Wednesday, December 30, 2009

My Favorite Comicbooks of the Noughties

Two days left in the decade, two blogs of favorites left to tell. Obviously, these last two posts had the most thought go into them, but they were also the hardest to winnow down to a scant eight (except music, music was a bitch as well).
Anyway, I wasn't a comic fan since birth, just since this decade and its stumbling, fumbling, often humbling comic book movies edged me over that way. Superheroes and sci-fi remain my main concern, so this list should surprise no-one. Anywhere. EVER.
I also want to give honorable mention, first to the artists I fail to mention in my top eight, you've done a bang-up job but I don't remember all your names. Also to Gail Simone- she's really damn great and this list came up something of a sausage-fest... sorry. Finally, to neglect them was like tearing out little bits of my soul, so to JSA, Star Wars: Tag & Bink Are Dead, Franklin Richards: Son Of A Genius, The Irredeemable Ant-Man, and every single Boom! Studios Comic I've ever read-- you all rock. And so, skipping the list I intended to make of my 8 favorite things Joe Quesada did to make me stop buying Spider-Man, here is:

(Why eight? That's how many fingers I have left with two thumbs up.)

8. Ultimate Spider-Man by Brian Bendis, Mark Bagley, & Stuart Immonen
Making the most of the Marvel movie audience, this comic revamped Spidey's origin and the events of his tumultuous 15th year. For a whole decade (and counting) it's been the only trade series I've bought consistently. Bendis deserves my praise for Daredevil, Alias, and Avengers as well.

7. Amazing Spider-Man by J. Michael Strazynski & John Romita Jr.
Trapped for decades in teenager mode, Spider-Man FINALLY had some stories where he acted like a grown-up. Mentoring and inspiring his students, patching the rifts with his wife, exploring his spiritual side, facing his mortality, sharing the truth of his dual life with his beloved Aunt May, and much more. Splendid art and mature storytelling highlight a series I may never be willing to buy again. (for full details, ask a Skrull named Joe Q.)
JRJR does a wonderful job on anything he's attached to, and JMS's Thor is also quite good. And considering how rarely I give a crap about Thor, that's saying something.

6. Strangers In Paradise by Terry Moore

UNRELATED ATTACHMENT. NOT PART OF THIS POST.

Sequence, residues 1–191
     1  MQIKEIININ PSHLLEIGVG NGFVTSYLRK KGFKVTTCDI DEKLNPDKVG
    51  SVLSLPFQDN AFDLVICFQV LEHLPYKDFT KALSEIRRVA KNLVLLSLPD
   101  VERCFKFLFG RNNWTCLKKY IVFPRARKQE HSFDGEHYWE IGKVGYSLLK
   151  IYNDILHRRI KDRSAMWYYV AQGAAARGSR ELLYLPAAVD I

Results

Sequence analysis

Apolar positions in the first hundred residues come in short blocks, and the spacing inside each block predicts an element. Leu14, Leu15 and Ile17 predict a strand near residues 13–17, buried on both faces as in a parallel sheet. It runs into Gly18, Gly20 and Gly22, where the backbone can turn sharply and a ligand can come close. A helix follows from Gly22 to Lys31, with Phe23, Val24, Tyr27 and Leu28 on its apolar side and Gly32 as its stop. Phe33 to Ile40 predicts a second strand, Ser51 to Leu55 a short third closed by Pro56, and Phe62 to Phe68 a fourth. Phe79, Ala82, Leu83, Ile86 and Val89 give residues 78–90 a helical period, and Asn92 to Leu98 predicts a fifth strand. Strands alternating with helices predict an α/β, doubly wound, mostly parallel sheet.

Zounds! It isn't a superhero comic. It's on the list because it's charming, funny, romantic and sexy. I really have to buy this series and read it all, because there are times when superhero comics fail to have the answers to the questions that matter to me. Like the ineffability of the human heart and other poetic crap.

5. Invincible by Robert Kirkman & Cory Walker
I like everything I've read by Kirkman, no exaggeration of his talents is possible. From Marvel Team-Up to The Walking Dead he always does right by me and it's another series I need to buy and catch up on. There's an alien in it called Al the Alien. I'm really not doing it justice. Just read it, o.k.? Thanks.

4. Green Lantern by Geoff Johns
I wish I liked Hal Jordan more, because everything GJ has done for GL is awe-inspiring. I literally think Johns could start a religion with this 'emotional spectrum' jazz. From GL: Rebirth to the Sinestro Corps War to the astonishingly good Blackest Night I cannot gush enough. Sci-fi superheroics cleverly weaving stories from decades past into richer tapestries. Go, Geoff, go!

3. Legion of Superheroes by Mark Waid & Barry Kitson
They're a good team, Waid and Kitson. The Legion are also a good team.
See Legion Week or any Legion comic ever for details.

2. She-Hulk by Dan Slott, Ty Templeton, & Juan Bobillo
I don't buy as many comics as I want to. I can't afford it. And Marvel comics doesn't need my help anymore. They've got Disney. And Disney NEEDS to give me a She-Hulk movie. I don't ask for much. Just figure out how to expertly balance superheroics, legal drama, and comedy with a metatextual, metrosexual, werewolf-marrying, barfing-on-her-boss green supergal. Actually, considering how well superhero comedy has done historically I'm surprised this lasted as long as it did. Thanks, Dan & Ty.

1. 52 by Mark Waid, Greg Rucka, Grant Morrison, Geoff Johns, Keith Giffen et al
Bookmonkey said what needs to be said. As far as I'm concerned, this was the best thing superhero books did this decade: in terms of sheer output, art and writing quality combined to make something more than the sum of its parts. EVERY WEEK FOR A DAMN YEAR!

Thanks to these and so many others, I am a comic fanatic for life despite all the continuity screw-ups, cross-over convolutions, crazy-making cost per cover, and kooky Quesadas.
Make mine Comics!

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